### 13.4 Present Value at Compound Interest

• Example:Given an amount needed (future value) of \$3300 in 4 years at an interest rate of 11% compounded annually, find the present value and the amount of interest earned.

### 13.4 Present Value at Compound Interest

• Example: Assume that money can be invested at 8% compounded quarterly. Which is larger, \$2500 now or \$3800 in 5 years?First find the present value of \$3800, then compare present values:

### 14.1 Amount (Future Value) of an Annuity

• Annuity – a sequence of equal payments

• Payment period – time between payments

• “Ordinary annuity” – payments at the end of the pay period

• “Annuity due” - payments at the beginning of the pay period

• “Simple annuity” – payment dates match the compounding period (all our annuities are simple)

### 14.1 Amount (Future Value) of an Annuity

• Amount of an annuity - S (future value) of n payments of R dollars for n periods at a rate of i per period:

• Use you calculator instead of using appendix D.

### 14.1 Amount (Future Value) of an Annuity

• Example: Sharon Stone deposits \$2000 at the end of each year in an account earning 10% compounded annually. Determine how much money she has after 25 years. How much interest did she earn?

### 14.1 Amount (Future Value) of an Annuity

• Example: For S = \$50,000, i = 7% compounded semi-annually with payments made at the end of each semi-annual period for 8 years, find the periodic payment (R)

### 14.1 Amount (Future Value) of an Annuity

• Example: For S = \$21,000, payments (R) of \$1500 at the end of each 6-month period i = 10% compounded semi-annually. Find the minimum number of payments to accumulate 21,000.Trying different values for n, the expression goes over 14 when n = 11 (Exact value = 4.20678716(1500)=\$21310.18)

### 14.1 Amount of an Annuity Due

• An annuity due is paid at the beginning of each period instead of at the end. It is essentially the same as an ordinary annuity that starts a period early but without the last payment.

• To solve such a problem:

• Add 1 to the number of periods for the computation.

• After calculating the value for S, subtract the last payment.

### 14.1 Amount of an Annuity Due

• Example:Sharon Stone deposits \$500 at the beginning of each 3 months in an account earning 10% compounded quarterly. Determine how much money she has after 25 years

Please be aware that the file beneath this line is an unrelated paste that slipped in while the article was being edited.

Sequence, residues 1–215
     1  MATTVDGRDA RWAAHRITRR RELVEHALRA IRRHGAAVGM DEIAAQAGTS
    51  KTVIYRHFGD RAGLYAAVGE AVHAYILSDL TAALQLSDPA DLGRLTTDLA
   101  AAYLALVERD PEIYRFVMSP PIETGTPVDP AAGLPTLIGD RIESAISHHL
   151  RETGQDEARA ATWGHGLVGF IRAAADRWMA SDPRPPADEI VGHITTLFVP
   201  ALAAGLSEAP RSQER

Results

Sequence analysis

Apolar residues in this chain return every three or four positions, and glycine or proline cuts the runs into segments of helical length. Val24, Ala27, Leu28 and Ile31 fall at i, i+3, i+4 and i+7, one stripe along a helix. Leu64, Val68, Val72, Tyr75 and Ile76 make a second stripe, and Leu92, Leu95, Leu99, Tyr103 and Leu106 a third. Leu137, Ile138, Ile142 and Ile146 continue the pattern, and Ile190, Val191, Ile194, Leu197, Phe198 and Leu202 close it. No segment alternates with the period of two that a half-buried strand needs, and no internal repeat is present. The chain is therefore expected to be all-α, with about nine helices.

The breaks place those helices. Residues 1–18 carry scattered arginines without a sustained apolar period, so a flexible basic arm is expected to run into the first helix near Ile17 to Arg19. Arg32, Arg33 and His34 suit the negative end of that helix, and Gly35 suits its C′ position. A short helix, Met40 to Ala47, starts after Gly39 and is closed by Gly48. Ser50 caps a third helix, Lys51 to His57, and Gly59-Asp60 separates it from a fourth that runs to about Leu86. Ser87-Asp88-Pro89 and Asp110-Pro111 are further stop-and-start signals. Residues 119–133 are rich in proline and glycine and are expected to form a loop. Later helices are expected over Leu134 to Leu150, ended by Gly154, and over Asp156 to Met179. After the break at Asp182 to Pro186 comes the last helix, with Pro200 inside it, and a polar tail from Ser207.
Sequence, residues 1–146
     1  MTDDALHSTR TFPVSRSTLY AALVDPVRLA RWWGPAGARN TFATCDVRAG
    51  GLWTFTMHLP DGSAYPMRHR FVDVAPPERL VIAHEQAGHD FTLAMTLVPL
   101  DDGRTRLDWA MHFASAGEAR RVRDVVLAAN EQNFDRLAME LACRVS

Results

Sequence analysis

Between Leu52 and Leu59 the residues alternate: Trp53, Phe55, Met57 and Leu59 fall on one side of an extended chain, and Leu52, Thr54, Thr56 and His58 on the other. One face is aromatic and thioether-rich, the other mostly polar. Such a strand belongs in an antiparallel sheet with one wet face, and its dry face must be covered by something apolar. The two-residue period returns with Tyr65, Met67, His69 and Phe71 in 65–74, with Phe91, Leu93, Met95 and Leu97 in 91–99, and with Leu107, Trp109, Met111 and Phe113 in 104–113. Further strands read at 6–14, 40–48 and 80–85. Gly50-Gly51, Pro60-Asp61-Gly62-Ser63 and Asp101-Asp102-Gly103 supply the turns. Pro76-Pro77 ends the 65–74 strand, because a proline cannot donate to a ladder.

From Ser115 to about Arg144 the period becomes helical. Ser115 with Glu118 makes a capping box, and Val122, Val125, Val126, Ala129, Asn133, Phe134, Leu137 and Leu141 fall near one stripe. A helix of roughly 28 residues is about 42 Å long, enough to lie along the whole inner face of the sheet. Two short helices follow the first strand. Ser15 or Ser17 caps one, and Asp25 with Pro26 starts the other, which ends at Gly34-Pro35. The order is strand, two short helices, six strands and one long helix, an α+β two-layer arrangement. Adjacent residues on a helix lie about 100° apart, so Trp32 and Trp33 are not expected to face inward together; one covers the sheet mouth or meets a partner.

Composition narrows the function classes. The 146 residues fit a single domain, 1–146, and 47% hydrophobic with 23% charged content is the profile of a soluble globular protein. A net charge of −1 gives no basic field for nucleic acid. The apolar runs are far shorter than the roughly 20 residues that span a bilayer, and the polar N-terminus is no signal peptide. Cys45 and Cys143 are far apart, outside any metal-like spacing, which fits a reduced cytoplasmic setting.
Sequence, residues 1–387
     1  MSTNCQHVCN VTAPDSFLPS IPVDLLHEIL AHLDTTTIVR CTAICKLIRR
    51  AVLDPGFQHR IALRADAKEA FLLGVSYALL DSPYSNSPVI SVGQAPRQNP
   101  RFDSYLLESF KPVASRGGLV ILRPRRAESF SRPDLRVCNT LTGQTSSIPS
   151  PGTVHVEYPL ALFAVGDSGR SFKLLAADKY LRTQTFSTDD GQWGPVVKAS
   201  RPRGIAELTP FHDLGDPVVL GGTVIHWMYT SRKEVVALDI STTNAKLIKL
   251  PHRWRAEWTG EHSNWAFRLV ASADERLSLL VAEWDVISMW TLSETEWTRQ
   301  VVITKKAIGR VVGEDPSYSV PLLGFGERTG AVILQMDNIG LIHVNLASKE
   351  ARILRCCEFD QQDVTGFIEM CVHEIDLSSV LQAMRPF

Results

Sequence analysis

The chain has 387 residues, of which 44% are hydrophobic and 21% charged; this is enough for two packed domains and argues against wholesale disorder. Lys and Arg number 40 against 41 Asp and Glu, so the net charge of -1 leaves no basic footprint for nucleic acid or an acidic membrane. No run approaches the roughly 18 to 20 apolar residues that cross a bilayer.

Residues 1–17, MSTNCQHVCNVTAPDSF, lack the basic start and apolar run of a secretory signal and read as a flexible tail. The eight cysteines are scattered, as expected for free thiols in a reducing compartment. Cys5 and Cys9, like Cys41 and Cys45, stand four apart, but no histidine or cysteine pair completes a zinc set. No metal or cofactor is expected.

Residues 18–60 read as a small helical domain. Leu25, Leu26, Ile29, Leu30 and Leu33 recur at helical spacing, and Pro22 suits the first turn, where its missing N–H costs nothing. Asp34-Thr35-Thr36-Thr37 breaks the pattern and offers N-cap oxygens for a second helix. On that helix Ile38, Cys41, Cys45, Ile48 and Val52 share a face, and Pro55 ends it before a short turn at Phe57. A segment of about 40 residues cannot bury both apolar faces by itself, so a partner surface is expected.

### 14.2 Present Value of an Annuity

• Present value of an annuity (A) made up of payments of R dollars for n periods at a rate of i per period:

### 14.2 Present Value of an Annuity

• Example: What lump sum deposited today would allow payments of \$2000/year for 7 years at 5% compounded annually?

### 14.2 Present Value of an Annuity

• Example: Kashundra Jones plans to make a lump sum deposit so that she can withdraw \$3,000 at the end of each quarter for 10 years. Find the lump sum if the money earns 10% per year compounded quarterly.

### 14.3 Sinking Funds

• Sinking fund – a fund set up to receive periodic payments.The purpose of this fund is to raise an amount of money at a future time.

• Bond – promise to pay an amount of money at a future time.(Sinking funds can be set up to cover the face value of bonds.)

### 14.3 Sinking Funds

• Amount of a sinking fund payment:

• Same formula as in section 14.1, except solved for the variable R.

### 14.3 Sinking Funds

• Example: 15 semiannual payments are made into a sinking fund at 7% compounded semiannually so that \$4850 will be present. Find the amount of each payment rounded to the nearest cent.

### 14.3 Sinking Funds

• Example: A retirement benefit of \$12,000 is to be paid every 6 months for 25 years at interest rate of 7% compounded semi-annually. Find (a) the present value to fund the end-of-period retirement benefit. ): (b) the end-of-period semi-annual payment needed to accumulate the value in part (a) assuming regular investments for 30 years in an account yielding 8% compounded semi-annually.